Judge Moore distributed a carefully written 9-page letter opinion dated April 25, 2019 stating that Plaintiffs have won their motion for partial summary judgment: the Lee and Jackson statues in Charlottesville, Virginia are monuments covered under Virginia Statute §15.2-1812:
“Upon a full consideration of the matter, I find that there is no other reasonable conclusion but that these statues are monuments and memorials to Lee and Jackson, as Generals of the Confederate States of America, and that as such they are monuments or memorials to veterans of one of the wars listed in Va. Code §15.2-1812. I find this conclusion inescapable. It is the very reason the statues have been complained about from the beginning. It does no good pretending.”
“I do not believe that any reasonable, rational factfinder could find that these two statues are not monuments or memorials to two Confederate Generals from Virginia and as such to veterans of the American Civil War, or the War Between the States, one of the conflicts listed in the statute. No additional evidence is necessary or would be helpful in further considering this issue.”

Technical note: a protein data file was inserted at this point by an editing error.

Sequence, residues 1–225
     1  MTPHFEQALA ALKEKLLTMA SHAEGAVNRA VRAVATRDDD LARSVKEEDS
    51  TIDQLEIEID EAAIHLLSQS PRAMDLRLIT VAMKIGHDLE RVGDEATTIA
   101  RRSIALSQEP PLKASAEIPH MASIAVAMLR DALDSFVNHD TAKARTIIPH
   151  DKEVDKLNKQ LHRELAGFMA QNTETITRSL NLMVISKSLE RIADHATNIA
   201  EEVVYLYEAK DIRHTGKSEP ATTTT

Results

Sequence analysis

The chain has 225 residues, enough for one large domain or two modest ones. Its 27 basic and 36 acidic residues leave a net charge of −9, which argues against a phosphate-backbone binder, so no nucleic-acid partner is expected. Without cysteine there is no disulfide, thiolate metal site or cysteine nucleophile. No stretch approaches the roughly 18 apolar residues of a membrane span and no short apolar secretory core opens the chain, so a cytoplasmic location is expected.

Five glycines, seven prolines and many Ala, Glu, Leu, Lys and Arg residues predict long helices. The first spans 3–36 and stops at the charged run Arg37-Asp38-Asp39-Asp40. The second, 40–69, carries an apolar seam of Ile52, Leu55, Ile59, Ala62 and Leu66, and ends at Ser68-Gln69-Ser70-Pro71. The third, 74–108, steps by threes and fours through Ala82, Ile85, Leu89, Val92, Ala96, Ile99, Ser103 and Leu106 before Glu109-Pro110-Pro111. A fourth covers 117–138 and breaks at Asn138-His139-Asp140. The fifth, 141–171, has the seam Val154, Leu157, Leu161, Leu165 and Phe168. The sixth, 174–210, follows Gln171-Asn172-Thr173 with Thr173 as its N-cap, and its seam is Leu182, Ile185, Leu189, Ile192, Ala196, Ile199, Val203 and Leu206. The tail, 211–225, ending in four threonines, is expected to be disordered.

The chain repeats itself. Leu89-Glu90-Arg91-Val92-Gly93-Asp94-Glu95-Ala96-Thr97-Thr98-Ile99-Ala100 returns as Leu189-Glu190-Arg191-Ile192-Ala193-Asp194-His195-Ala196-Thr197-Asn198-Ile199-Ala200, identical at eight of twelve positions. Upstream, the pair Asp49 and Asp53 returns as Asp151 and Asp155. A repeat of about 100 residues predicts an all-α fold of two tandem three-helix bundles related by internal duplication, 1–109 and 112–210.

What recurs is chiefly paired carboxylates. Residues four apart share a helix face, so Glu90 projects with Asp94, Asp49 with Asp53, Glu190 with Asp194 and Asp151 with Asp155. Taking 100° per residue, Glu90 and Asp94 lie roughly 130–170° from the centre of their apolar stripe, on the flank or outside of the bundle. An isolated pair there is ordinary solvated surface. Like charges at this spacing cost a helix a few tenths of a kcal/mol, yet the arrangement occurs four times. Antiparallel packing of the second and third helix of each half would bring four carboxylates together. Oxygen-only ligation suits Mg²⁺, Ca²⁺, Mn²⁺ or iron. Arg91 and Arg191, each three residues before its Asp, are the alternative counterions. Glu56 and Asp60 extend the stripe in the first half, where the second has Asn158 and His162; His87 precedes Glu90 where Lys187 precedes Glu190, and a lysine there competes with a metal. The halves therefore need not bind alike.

“Therefore, in conclusion, I find that both statues are monuments and memorials to veterans of the War Between the States, as mentioned in Virginia Code §15.2-1812, and am granting Plaintiffs' Motion for Partial Summary Judgment as to these two statues each being a monument or memorial to a veteran of the Civil War, or the War Between the States.”
“But this is the only motion I am ruling on at this time, in this letter. There are still several other issues remaining in the case. So this does not mean that Plaintiffs will prevail simply because I find that these statues are monuments and memorials as referred to by the statute. I have simply concluded that there is no point in putting this determination off any longer. They are what they obviously are, and I am just calling them what they in fact are. The purpose of a Motion for Partial Summary Judgment is to prevent the expenditure of time, energy, and expense on a futile point, on a matter that is self-evident, and on which no additional evidence can change the outcome. This is such a situation.”
We must emphasize that this case is not yet over as there are still significant motions before the court, but we are pleased to report that this major point was decided in our favor.